Marilyn Hershey
We knew it was coming, and there wasn’t anything we could do but buckle down and await the arrival of the arctic forecast. Not only was the impending weather all over the news, but our farming friends in the Midwest were posting high wind speeds, ridiculously low temperatures, and farming mayhem. There was no doubt that we were going to be hit with some magnitude.

The media called it a “bomb cyclone.” The hype cleared the grocery stores of milk, bread, and eggs while people rearranged their schedules “just in case.” I have often wondered if there is a way we can capture that shelf-clearing mentality every day? I think our fluid milk problems would be history.

The news was a cross between unbearable and hilarious leading up to the freezing frenzy. According to their predictions, I would be lucky to survive two steps outside my door, let alone brave the storm to feed the animals in our barns and hutches.

Truthfully, though, warnings are nice. It gave me plenty of time to secure hutches, load up on propane for portable heaters, and make sure all our various locations have running water, fresh bedding, and a block from the wind.

As much as I dislike cold weather, last winter’s mild temperatures brought a different issue. It was so warm throughout the winter months that some of nature’s most annoying creatures remained intact, giving them a head start in the spring.

After being diagnosed with Lyme disease twice in my lifetime, deer ticks are always on my radar. The 2017 Lyme disease was particularly bad for our area, since our winter was not harsh enough to kill them off.

Our county is already overloaded with deer ticks, and we hold one of the highest Lyme disease rates across the country. That’s not necessarily something I want to be associated with.

Maintaining the farming lifestyle and recovering from an arthritic prone disease is not easy. However, having a farm and animals to care for were also part of the remedy that helped me overcome the sickness.

I am happy to say that I have fully recovered, although the last round was more difficult to overcome than the first. I have learned to take care of my body much more than I did prior to having Lyme disease.

All that to say, despite my distaste for cold temperatures, the upside that made me smile as I ventured into the tundra was the fact that no ticks were surviving the sustained low temperatures. It would be a good year for us in that regard!

Last spring, I heard a fun fact that opossums are a valuable tool to rid an area of deer ticks. According to this study, opossums eat up to 5,000 deer ticks a season. Being a farmer, I love and respect animals, but honestly, an opossum is not one that I ever fondly admired. In fact, I may or may not have swerved for one or two in my driving lifetime. They are just not pleasant creatures to come upon.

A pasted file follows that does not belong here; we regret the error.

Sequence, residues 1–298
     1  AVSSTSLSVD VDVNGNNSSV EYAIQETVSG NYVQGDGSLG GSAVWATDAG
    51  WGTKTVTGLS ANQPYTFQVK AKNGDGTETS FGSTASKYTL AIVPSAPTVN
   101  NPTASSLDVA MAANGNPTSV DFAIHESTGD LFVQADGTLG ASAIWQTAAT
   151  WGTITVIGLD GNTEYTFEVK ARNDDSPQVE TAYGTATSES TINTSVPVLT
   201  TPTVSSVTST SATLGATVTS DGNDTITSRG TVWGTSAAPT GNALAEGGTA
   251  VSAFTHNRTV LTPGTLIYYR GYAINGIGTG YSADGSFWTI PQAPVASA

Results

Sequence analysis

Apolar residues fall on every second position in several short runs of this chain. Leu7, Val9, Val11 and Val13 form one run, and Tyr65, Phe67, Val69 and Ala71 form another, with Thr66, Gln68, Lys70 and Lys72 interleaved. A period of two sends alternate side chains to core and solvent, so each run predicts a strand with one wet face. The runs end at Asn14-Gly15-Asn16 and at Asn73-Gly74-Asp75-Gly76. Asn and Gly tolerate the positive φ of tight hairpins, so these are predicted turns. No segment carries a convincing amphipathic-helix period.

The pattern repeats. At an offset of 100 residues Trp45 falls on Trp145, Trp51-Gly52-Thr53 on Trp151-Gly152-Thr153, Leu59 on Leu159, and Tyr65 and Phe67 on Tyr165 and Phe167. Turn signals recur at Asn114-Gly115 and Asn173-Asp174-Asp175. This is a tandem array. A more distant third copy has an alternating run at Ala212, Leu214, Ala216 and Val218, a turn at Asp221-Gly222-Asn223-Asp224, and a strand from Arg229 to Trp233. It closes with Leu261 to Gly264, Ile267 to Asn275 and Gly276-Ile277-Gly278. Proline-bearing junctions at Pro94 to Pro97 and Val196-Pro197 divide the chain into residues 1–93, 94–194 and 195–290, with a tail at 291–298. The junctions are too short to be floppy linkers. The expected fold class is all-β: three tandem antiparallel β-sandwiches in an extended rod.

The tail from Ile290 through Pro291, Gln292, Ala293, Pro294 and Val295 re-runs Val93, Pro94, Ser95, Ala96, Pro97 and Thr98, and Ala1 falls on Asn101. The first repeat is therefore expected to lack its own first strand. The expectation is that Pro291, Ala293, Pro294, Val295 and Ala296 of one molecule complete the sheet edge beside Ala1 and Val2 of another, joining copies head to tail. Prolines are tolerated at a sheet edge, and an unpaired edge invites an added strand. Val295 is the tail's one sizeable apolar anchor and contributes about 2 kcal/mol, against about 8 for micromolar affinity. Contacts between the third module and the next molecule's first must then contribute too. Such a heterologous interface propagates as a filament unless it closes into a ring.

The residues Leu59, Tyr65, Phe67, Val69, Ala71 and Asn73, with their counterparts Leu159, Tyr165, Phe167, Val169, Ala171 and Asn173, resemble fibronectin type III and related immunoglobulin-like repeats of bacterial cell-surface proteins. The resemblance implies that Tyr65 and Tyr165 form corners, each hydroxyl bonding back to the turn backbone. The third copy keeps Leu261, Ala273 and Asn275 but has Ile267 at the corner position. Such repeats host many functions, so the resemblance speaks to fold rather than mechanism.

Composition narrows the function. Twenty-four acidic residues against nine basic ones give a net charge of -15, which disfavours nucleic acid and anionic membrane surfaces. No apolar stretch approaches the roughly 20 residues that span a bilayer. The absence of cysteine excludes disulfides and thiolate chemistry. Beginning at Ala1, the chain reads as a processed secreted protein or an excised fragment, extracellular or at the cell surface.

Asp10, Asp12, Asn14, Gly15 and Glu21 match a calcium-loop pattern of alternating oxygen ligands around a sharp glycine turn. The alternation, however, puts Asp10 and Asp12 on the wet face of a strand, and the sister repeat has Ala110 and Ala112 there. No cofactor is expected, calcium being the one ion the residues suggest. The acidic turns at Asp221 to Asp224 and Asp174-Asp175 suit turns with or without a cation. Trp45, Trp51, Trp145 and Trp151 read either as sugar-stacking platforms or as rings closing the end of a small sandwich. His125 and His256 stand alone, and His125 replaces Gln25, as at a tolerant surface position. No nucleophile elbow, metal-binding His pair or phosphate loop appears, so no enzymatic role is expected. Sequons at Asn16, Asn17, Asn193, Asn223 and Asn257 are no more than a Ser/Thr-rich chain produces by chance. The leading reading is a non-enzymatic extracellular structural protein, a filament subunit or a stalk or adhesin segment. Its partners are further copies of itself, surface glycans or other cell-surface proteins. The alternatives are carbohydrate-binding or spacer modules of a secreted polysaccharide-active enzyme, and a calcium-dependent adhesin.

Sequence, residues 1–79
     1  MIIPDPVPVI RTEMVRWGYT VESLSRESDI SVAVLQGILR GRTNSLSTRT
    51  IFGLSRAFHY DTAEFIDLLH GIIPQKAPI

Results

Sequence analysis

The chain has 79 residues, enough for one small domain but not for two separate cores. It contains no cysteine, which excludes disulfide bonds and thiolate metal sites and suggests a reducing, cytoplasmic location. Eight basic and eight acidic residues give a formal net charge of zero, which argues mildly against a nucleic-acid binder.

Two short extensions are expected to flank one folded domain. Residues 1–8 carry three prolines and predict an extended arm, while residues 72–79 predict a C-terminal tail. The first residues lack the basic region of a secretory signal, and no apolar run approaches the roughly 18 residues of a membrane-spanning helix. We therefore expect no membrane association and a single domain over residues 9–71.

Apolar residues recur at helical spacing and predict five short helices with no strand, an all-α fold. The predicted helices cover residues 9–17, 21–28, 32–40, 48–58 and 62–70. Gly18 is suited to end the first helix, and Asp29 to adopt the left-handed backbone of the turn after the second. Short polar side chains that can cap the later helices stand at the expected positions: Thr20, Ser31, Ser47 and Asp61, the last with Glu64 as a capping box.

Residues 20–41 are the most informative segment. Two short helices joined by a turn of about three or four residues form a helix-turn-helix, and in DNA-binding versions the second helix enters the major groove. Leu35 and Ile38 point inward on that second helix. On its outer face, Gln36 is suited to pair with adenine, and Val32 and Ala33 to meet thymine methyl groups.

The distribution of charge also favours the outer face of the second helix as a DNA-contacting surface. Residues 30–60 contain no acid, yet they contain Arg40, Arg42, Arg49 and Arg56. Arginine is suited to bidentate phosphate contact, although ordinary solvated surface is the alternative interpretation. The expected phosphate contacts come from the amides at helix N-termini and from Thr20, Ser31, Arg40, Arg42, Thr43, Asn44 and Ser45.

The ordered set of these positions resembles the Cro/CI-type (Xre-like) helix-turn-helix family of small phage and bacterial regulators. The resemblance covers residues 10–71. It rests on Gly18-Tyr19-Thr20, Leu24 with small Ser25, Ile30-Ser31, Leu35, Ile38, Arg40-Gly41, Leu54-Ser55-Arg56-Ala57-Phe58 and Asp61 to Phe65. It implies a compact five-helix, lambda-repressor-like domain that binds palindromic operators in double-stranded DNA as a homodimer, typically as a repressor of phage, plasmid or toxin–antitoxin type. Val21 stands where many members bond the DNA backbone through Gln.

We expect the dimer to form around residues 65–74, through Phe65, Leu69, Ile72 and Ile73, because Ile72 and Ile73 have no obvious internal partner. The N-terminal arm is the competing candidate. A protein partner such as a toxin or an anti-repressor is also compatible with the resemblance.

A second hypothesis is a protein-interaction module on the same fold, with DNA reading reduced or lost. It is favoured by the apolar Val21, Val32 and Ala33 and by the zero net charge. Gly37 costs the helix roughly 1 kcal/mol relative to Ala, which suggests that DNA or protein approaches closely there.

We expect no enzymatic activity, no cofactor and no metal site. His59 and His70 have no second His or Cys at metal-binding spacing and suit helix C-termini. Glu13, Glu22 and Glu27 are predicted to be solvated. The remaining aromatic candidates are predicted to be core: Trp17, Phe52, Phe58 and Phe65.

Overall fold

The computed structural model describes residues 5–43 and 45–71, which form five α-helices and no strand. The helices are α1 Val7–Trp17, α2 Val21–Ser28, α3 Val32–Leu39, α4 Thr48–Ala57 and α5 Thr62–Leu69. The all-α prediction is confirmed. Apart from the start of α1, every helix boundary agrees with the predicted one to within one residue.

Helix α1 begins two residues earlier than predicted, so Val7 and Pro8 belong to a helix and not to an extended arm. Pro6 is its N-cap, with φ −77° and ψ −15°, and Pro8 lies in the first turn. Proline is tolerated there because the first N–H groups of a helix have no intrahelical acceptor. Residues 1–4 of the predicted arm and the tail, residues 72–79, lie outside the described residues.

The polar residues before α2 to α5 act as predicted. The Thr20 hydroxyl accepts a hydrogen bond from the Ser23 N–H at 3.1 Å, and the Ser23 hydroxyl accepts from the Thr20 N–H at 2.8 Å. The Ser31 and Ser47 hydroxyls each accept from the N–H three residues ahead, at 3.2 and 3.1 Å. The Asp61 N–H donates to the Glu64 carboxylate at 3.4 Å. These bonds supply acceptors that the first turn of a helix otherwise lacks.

But that is all in my past. I do all I can to keep them in our county now. I thought about possibly getting a few for our yard, but that type of farm expansion did not pass the board, so I am back to relying on a good, cold winter to get me through.

Morale can soon freeze over with the wind chill, and one of the hardest things is keeping a positive attitude through the cold weather. It is exhausting to work outside in these conditions, and I try not to let my positive attitude blow across the fields with the snow.

One thing that helps my attitude is a good game of football. I love watching a good game of football.

This year, a seed company representative offered us tickets, free of charge. After a year like this, an offer of “free” anything is a true gift, even if it means freezing toes. Attending the game with our farming friends, Neal and Mary Lou, was an added win. Mary Lou loves and understands the game as much as I do, and sitting beside her at the game was exciting.

As we anticipated the game, the weather forecast became a factor. They predicted frigid temperatures and high winds to affect the players and the fans. Boy, they weren’t lying. I washed my barn bibs and dug out more cold weather layers, so we could enjoy the game comfortably. It looked like the players needed my bibs as some of them jumped up and down to stay warm between commercials.

That day was the start of a lengthy cold snap that dipped down into our farming core. Pipes froze in our heifer barns that supposedly never froze before, and for several days following we spent our time thawing water bowls, replacing water lines, and working frozen chunks of manure from the barn to the pit.

It caused me to open my Farmer’s Almanac and look at their predictions for the rest of the winter. I wanted to know if I should dig out more cold weather gear or invest in a herd of opossums.

The author and her husband, Duane, own and operate a 550-cow dairy in Cochranville, Pa.